“The reinsurance market affects us all, but we are more impacted if it hits down here instead of the Northeast,” Treutel said.

It is difficult to predict if rates for insurance will increase as a result of the active hurricane season.

“It all depends on a company’s exposure,” said Loretta Waters, spokeswoman for the Insurance Information Institute. “Every company is different. To say rates are going to increase is a difficult thing. I think we will also have to see what happens throughout the rest of the season. We still have until November. At this point there haven’t been rate increases specifically because of Gustav. Ike doesn’t look too good.”

When you look at what the potential risks are, companies are going to look at what has happened so far this season, and what their exposure is in a particular part of the state. To say rates go up “x” percent because of Gustav is a difficult thing to say.

“I would just say companies base their rates on risk, and they are going to look at this hurricane season like they have other seasons,” Waters said. “They will make a determination based on their exposure and the number of storms that hit for the season. Companies take into consideration other storms like Katrina. They know risks are high in coastal areas of Florida, Alabama, Mississippi, Louisiana and Texas. How much exposure companies have and what the season brings will play a part in their determination for rates.”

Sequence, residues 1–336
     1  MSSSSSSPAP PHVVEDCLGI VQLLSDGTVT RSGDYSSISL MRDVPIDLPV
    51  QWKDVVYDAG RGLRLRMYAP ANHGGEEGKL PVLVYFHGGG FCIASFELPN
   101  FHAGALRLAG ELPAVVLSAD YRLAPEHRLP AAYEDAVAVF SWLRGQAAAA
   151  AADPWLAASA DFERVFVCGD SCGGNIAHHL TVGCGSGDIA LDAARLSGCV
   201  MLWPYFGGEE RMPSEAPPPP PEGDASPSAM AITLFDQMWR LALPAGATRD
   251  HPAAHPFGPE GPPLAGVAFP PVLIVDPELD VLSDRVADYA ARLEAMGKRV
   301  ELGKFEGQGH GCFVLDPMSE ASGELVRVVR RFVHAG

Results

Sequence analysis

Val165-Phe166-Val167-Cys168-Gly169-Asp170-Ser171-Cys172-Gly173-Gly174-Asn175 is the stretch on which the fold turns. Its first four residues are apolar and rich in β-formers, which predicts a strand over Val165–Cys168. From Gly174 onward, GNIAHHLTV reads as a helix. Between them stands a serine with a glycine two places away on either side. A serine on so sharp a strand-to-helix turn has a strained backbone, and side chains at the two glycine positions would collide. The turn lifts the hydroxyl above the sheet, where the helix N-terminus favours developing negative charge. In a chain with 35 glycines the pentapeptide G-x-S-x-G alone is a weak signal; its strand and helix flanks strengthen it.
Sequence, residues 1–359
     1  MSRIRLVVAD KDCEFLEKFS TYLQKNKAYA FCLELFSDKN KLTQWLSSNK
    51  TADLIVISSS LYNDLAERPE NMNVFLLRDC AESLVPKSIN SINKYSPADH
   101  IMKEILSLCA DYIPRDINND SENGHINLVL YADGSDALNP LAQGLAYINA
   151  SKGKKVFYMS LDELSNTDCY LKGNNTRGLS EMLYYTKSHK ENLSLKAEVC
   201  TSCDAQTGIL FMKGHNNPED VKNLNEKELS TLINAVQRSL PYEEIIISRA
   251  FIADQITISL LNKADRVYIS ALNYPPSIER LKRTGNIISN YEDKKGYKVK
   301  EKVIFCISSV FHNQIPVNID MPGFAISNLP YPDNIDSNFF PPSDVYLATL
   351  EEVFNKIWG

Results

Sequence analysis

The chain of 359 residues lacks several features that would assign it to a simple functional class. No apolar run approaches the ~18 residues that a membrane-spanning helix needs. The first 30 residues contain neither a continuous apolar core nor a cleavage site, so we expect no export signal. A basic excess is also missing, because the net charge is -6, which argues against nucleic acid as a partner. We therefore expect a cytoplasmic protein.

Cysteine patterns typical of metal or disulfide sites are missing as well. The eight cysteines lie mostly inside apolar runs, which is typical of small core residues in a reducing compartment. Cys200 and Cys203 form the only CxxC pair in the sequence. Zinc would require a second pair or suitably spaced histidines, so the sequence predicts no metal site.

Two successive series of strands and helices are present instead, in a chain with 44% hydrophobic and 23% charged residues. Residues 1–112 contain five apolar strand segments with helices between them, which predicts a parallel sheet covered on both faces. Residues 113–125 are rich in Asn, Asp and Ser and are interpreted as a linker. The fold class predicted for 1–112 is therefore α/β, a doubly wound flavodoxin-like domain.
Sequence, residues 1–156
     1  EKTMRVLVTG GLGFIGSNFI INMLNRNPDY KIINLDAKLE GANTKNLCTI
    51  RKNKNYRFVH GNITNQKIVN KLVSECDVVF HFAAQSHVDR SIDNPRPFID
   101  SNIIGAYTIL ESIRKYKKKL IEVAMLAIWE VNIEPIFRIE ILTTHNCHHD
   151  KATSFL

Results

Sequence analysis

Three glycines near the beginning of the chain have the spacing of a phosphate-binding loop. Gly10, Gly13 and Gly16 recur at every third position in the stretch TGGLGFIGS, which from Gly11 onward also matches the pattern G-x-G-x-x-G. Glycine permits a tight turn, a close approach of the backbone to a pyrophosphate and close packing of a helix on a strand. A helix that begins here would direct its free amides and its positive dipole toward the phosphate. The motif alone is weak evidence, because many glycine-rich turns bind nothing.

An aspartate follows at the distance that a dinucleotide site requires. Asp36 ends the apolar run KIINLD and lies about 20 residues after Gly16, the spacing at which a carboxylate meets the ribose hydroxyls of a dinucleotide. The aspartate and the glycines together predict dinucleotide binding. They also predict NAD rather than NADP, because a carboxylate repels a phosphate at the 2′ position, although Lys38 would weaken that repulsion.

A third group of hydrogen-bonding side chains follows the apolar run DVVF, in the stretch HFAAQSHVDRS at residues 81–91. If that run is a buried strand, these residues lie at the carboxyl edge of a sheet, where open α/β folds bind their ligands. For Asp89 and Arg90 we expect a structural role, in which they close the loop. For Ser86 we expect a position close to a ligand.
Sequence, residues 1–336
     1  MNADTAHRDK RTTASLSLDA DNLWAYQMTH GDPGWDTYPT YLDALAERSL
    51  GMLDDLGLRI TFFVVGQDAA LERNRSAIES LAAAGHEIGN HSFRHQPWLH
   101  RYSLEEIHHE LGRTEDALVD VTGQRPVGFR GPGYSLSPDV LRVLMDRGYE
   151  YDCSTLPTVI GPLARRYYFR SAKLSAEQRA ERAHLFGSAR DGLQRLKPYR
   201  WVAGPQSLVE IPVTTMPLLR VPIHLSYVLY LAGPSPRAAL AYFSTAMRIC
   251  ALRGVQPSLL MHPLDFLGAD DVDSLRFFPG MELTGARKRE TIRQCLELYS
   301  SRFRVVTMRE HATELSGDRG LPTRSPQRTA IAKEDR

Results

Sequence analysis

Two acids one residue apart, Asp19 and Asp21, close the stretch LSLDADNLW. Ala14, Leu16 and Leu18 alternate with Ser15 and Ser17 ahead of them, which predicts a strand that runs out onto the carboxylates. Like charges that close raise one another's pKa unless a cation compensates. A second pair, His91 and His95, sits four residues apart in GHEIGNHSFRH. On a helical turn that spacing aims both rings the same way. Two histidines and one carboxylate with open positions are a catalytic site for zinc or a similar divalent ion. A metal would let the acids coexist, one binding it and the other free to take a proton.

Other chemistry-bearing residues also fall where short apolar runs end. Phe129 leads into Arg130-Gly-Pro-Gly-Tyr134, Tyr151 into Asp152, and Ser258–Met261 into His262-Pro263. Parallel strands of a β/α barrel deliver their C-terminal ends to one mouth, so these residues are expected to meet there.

The past two seasons before this year have been good with few damages. Efforts by homeowners and business owners to build back stronger or make existing structures more storm resistant also have a positive impact on rates. And fact the levees in New Orleans withstood Gustav was a good thing.

“But there are more storms on the horizon, so I think companies would be reluctant to make any promises about increasingly availability at this point,” Waters said.

It is too early to speculate on the storm impact on the State of Mississippi, said Nancy Smeltzer, spokeswoman for Nationwide Insurance. She said claims are still coming in from all the storms that have hit the coast. To date, Nationwide has received more than 400 claims in Mississippi.

As far as the availability and affordability of insurance, Nationwide continues to renew all existing wind policies along the Coast and throughout Mississippi.

“Nationwide is committed to Mississippi and has remained so during Katrina and in the three years following the catastrophic storm,” Smeltzer said. “Nationwide has taken a number of steps to continue providing coverage in coastal areas. This includes modifying deductibles and methodically managing the amount of new wind coverage the company is writing in coastal regions.”

Nationwide is actively working on providing discounts to customers who improve the construction of their home to make them more wind and weather resistant. Nationwide recently increased the multi-line home and auto discount by 5%.

“Nationwide has been and will continue to evaluate closely its business strategy in coastal areas with the goal of maintaining quality coverage and customer service as well as long-term viability,” Smeltzer said.

Contact MBJ contributing writer Becky Gillette at 4becky@cox.net.